After getting clobbered during the market's December selloff, Netflix's (NFLX) stock has been on a tear over the last three weeks, and the U.S. price hike that the company just unveiled certainly hasn't done anything to spoil the fun.
That probably spells a higher bar for Netflix, which at the start of the month was clearly pricing in some bad news, going into Thursday's Q4 report. At the same time, the streaming giant's rally has only brought its shares back around the levels they were at before Netflix delivered strong results and guidance in October.
On average, analysts polled by FactSet expect Netflix to report Q4 revenue of $4.21 billion (up 28% annually) and GAAP EPS of $0.24. However, the company's subscriber figures usually play a much bigger role in how its stock moves post-earnings.
For Q4 -- a seasonally big quarter for subscriptions -- Netflix guided for 9.4 million streaming subscriber adds (7.6 million international, 1.8 million domestic). And for Q1, the analyst consensus is for 5.96 million international and 1.71 million U.S. streaming adds.
Here are some things for investors to keep an eye on as Reed Hastings' company delivers its report after Thursday's close and hosts an "earnings interview" at 6 P.M. Eastern Time. TheStreet will be live-blogging both events.
1. The Expected Impact of the Price Hike
Netflix's Q1 subscriber guidance will naturally take into account its expectations regarding the impact of its U.S. price hike on domestic subscriber growth. And given that the hike was announced shortly before earnings, the company could choose to guide conservatively.
Also, given that prior U.S. Netflix price hikes have coincided with or been shortly followed by price hikes in other locales, it's worth keeping an eye on whether Netflix signals that its Q1 international subscriber guidance reflects the impact of non-U.S. pricing actions.
2. This Year's Content, Marketing and R&D Budgets
Netflix has indicated its content spend, guided to total $7.5 billion to $8 billion in 2018 on a profit-and-loss basis (and likely totaling over $12 billion on a cash basis), will rise in 2019. However, it hasn't yet shared a formal outlook. The price hike, together with the pending launch of Disney's (DIS) Disney Plus service and Netflix's heady international ambitions, could motivate the company to once more up its content spend by a double-digit percentage.
Netflix might also issue marketing and R&D spending forecasts for 2019. A year ago, the company guided for its marketing spend to rise 56% in 2018 to $2 billion, and its "technology & development" spend to rise 23% to $1.3 billion.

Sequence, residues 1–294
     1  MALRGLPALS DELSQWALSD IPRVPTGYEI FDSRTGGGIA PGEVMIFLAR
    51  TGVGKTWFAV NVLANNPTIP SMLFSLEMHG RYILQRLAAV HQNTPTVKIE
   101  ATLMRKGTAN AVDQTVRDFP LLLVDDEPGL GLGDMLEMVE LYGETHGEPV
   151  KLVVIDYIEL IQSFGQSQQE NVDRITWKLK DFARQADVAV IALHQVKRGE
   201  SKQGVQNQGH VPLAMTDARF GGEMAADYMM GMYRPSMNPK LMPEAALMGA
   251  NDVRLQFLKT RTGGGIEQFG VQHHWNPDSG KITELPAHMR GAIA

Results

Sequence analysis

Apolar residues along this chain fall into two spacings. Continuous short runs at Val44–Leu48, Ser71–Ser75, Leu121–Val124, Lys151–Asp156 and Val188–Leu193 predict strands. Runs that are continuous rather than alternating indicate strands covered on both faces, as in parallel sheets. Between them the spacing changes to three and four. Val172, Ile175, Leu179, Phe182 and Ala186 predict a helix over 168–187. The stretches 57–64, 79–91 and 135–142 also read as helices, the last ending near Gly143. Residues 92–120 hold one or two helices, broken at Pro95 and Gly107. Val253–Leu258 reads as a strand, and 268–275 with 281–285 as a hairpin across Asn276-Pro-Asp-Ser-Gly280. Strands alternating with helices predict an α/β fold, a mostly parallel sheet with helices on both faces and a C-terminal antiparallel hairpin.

3. Free Cash Flow Guidance
In October, Netflix forecast its 2018 free cash flow (FCF) will be "closer" to the low end of a range of negative $3 billion to negative $4 billion, and that its 2019 cash burn will be at similar levels. Will the price hike lead Netflix to revise that outlook? If Netflix doesn't change its content spend in response to the hike, the hike is likely to boost the company's FCF by over $1 billion in the 12 months after it has been fully implemented.
4. Commentary on Asian Progress and Pricing
Netflix has begun investing heavily to grow its Asian footprint -- and not just in content, but also in areas such as marketing and optimizing its services for local languages and slow or unreliable web connections. However, progress has been mixed to date, as Netflix battles both Amazon.com (AMZN) and established local players while dealing with the cost-sensitivity of emerging markets such as India and Indonesia.
Keep an eye out for any commentary from management on how Netflix's subscriber growth is trending, and what the company has learned to date from its efforts in the region. The same goes for any comments about recent Asian tests in which Netflix has been offering cheap mobile-only subscription plans.
5. The Impact of a Strong DollarLike many other U.S. multinationals, the dollar's recent strengthening has begun weighing on Netflix's top line. For Q3, the company reported forex swings had a $90 million negative impact on its international revenue, which now accounts for about half its total revenue. The figure might be a little higher in Q4.
At the same time, it's worth noting that in spite of forex pressures, Netflix's subscription average selling price (ASP) rose 8% annually in Q3, as the company benefited from its late-2017 price hikes and (from the looks of things) a greater mix of HD and 4K-capable streaming plans. On a forex-neutral basis, international ASP rose 11%.